The site has several tabs and I was most excited to see the one labelled Theses as these are sometimes difficult to access unless one is able to visit a particular university’s library or has academic access to their resources. I simply searched for “Irish” and turned up over 20 theses which refer to this topic. Immediately I found one thesis that I’ve wanted to read for quite a while but never have the time to sit and peruse it when in Brisbane. That thesis is by M R Macginley “A study of Irish migration to, and settlement in, Queensland 1885-1912”. Another one I’ll be reading is about Robert Dunne, one of Queensland’s early bishops and previously a parish priest in the Toowoomba area where my ancestors lived. I’ve read Neil Byrne’s excellent book, Robert Dunne, Archbishop of Brisbane and found great quotes in there as well as references to his difficulties with the German Catholics on the Downs. While family historians may be intimidated by the thought of reading an academic thesis, they can take heart from the fact they are mostly clearly written with comparatively little jargon. Any phrases requiring specific expertise can be easily followed up. Given them a go, I promise they will reward the effort you put into them.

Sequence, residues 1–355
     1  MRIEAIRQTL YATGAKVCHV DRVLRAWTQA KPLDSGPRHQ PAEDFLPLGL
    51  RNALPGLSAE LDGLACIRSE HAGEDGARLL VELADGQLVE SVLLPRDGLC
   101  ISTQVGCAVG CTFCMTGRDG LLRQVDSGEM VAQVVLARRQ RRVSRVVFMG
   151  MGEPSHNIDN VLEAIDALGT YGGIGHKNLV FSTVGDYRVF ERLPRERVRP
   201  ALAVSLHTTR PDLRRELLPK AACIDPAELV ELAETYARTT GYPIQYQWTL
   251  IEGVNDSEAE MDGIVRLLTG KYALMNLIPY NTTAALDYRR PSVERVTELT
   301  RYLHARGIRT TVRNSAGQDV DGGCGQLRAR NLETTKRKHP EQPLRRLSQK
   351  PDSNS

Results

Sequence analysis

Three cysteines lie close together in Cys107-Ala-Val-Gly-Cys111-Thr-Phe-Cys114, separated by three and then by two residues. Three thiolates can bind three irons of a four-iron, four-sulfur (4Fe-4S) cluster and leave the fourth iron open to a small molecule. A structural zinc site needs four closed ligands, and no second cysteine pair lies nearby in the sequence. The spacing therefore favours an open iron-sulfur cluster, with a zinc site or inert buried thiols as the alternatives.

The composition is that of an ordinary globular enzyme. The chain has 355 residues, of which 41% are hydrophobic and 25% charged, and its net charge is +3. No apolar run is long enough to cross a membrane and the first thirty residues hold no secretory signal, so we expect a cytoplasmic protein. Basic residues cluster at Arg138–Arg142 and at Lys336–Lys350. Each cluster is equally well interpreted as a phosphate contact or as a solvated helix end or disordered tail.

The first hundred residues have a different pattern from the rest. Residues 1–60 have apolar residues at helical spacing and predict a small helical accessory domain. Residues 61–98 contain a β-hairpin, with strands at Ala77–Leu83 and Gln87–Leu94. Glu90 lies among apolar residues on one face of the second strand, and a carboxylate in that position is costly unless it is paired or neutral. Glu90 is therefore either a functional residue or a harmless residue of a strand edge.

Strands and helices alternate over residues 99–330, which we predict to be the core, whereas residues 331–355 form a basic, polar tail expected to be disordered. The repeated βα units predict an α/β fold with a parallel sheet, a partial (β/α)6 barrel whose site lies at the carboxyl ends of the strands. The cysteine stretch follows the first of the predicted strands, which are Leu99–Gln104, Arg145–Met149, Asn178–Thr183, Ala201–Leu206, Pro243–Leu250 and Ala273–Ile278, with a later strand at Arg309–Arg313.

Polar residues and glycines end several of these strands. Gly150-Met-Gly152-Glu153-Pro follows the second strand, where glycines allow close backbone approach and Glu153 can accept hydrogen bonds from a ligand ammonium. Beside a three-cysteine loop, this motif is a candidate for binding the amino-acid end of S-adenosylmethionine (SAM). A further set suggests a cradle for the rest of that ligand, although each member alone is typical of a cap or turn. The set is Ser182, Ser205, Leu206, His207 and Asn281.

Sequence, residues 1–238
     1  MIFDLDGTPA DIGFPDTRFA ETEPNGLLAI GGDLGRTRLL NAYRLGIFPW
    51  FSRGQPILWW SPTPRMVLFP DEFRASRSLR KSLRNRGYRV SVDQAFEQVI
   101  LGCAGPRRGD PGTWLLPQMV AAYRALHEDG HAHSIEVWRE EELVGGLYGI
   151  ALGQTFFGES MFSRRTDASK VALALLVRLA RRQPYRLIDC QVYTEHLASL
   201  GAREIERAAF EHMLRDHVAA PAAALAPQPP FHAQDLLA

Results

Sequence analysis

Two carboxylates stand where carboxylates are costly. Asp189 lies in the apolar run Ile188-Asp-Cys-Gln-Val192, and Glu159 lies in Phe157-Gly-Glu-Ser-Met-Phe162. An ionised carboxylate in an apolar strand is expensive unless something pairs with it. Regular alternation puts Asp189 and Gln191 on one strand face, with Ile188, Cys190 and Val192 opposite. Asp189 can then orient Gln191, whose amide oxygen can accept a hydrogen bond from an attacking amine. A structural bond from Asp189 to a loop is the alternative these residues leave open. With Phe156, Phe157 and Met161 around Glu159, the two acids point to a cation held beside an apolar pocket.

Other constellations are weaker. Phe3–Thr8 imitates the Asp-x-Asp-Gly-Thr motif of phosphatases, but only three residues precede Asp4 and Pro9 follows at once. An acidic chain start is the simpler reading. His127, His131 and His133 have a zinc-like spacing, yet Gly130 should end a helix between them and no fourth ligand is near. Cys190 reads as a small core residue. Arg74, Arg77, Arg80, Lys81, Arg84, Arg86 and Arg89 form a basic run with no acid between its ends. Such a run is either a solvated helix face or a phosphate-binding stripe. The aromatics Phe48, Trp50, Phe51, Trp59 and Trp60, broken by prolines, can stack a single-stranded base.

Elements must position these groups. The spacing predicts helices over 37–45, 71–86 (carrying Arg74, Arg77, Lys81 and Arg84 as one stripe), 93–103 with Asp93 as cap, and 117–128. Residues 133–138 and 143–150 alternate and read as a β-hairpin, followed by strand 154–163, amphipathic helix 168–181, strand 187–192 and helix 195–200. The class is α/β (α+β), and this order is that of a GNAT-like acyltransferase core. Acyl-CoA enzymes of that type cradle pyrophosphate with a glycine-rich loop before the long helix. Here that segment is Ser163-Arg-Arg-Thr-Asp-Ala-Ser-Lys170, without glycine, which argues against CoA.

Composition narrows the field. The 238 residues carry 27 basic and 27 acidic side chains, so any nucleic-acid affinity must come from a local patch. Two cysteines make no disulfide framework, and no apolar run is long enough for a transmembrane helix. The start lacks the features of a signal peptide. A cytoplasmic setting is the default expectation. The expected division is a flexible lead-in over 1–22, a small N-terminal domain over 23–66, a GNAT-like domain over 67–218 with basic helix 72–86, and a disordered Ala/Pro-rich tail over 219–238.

Another tab which bears close inspection is called Journals and includes the Journal of the Royal Historical Society of Queensland. Again lots of topics of relevance to my family history.

The Books tab offers an array of books of relevance to Queensland’s history and I found quite a few from my own bookshelves on there.

The Queenslander tab takes you to Trove so you can limit your search to just that newspaper. However I could not find any reference to the 1909 images of early Queensland pioneers: something that will merit further investigation.

I didn’t find the Government Gazette tab as helpful I must admit and will probably stick to the digitised indexes provided by QFHS.

When you find something you would like to read it’s easy to read it on-screen page by page. If you want to download it you can but I did find that rather time-consuming as the files are quite large. I guess it depends on how much you want to keep a copy.

So many thanks to The University of Queensland, UQ Press and State Library of Queensland for this wonderful resource. I anticipate using it a lot.

[i] The description is provided on the website.